Here on the bubble, I’ve written from time to time about the farm I once lived on as a kid. But, until now, I haven’t uploaded any pics of the place. Below, I chronicle my story of those days a bit. In doing so, I use two old country expressions as subtitles: BACK-IN-THEM-DAYS and NOW-A-DAYS. I hope you enjoy the brief read!
This is the farm I once called home in the ‘60s (19 60’s, of course). The farm is located on and near one end of Buttermilk Road, a winding and narrow gravel road. Living near the end of this road, back then, was like a frontier adventure. Our location was on the other side of the ridge… from the rest of the world! There were only a few families living on our side of the ridge. Almost all were farmers. During the winter months, we had to walk over the ridge to catch the school bus if conditions were too adverse for bus travel. Since those days, the road has been widened and paved. It’s still somewhat winding, however. A couple of my favorite activities back then were exploring the woods and riding my bike on the rugged terrain. Riding the rugged terrain? Yes, that is, I loved to travel the gravel, throwing and slinging gravel everywhere as I explored the ridge road. Also, I enjoyed riding my bike on the old farm. Farmland terrain presented some heart-pounding challenges for a young kid who just moved from the big city of Chicago, Illinois, USA, where bike travel was all paved. Oh yeah, those were the days!
After viewing this photo, you might have a question that goes something like this: Why did you upload a picture of the farm as viewed through the woods, a sneak peek only?
Good question! A good question deserves a good answer: After visiting my Dad (who lives in the Kingston/Harriman, Tennessee area) on New Year’s Day, I decided to drive by the old farm and spend time on memory lane before returning to Knoxville, Tennessee, USA. My visit didn’t turn out as I anticipated. Hoping I could walk the property for sight-seeing and picture-taking, I noticed both driveways to the place were gated and padlocked!!! That’s right, padlocked!!! At that point, I concluded one important thing… the current residents don’t have out-stretched arms for a friendly and neighborly visit. So, I parked my car roadside where I could get a few camera shots of at least the barn and property. When I exited the car, I heard distant and loud barking coming somewhere from the farm. By the tone of the barks, I figured the barking dogs were neither poodle puppies nor Chihuahuas. I got my camera shots, got back in the car and off I went. Looking back through the rear-view mirror of my car, I just knew those dogs were going to materialize from the woods, but they didn’t.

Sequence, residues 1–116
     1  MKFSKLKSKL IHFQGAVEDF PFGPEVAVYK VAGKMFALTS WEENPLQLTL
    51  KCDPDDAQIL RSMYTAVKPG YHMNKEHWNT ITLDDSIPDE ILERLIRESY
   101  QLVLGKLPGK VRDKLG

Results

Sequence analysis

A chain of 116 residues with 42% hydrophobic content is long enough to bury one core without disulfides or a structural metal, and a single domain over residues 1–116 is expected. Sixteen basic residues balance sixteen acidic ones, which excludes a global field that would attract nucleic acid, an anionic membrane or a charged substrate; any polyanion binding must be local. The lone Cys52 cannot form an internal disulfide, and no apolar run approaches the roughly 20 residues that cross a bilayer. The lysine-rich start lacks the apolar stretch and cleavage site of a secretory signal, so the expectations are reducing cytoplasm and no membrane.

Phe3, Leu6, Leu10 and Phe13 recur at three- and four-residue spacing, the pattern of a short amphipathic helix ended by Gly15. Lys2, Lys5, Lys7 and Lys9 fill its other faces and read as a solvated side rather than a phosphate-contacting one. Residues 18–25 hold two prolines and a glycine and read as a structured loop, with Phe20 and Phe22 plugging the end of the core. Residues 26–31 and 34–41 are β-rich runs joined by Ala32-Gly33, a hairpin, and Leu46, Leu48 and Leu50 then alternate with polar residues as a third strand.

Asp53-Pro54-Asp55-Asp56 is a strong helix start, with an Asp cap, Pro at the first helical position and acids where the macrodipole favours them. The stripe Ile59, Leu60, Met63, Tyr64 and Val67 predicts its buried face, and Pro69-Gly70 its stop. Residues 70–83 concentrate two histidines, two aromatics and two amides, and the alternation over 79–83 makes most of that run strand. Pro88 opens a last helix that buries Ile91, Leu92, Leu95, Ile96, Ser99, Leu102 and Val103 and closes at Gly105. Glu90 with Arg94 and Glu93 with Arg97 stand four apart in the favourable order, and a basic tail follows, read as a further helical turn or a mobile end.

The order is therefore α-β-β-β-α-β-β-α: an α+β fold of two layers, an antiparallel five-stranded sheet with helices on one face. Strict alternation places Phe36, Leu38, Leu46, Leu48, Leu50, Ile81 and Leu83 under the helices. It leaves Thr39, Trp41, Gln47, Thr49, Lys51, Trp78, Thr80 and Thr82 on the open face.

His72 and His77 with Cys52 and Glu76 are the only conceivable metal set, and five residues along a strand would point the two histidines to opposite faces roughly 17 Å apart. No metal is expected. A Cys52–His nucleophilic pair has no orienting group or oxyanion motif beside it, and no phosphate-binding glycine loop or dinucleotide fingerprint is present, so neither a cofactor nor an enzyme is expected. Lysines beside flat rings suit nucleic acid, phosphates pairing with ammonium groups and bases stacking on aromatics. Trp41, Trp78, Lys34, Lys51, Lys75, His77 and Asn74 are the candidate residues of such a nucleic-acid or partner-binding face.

I’d still like to walk the farm at some point; so, I’ll have to come up with a Plan B. Hmm… here’s an idea for a Plan B: First, I need to find a way to contact these fine folks of solitude. Secondly, once I do make contact, I’ll attempt to gradually turn on the charm as we converse. This tactic usually produces positive results. My wife tells me I have a way with animals (cats, dogs, etc.); so, I’ll have to work my charm on them, too… IF … IF I’m allowed on the premises. The saga continues. Stay tuned, lol!
Also, I took pictures of a neighbor’s house located just down the road from the farm. That house has been abandoned for years. Still, I’ll share a story or two about the folks who lived there in the ’60s.
What you see in this picture is the barn from which I tossed a lot of hay. No doubt the barn has an updated roof by now. The water in the back ground is the Clinch River. I spent many-an-evenin’ casting my fishing line in that river. Did I catch any? I sure did! Good sized fish, too! Could have reeled in larger ones, didn’t though, because they got away. You should’ve seen the ones that got away!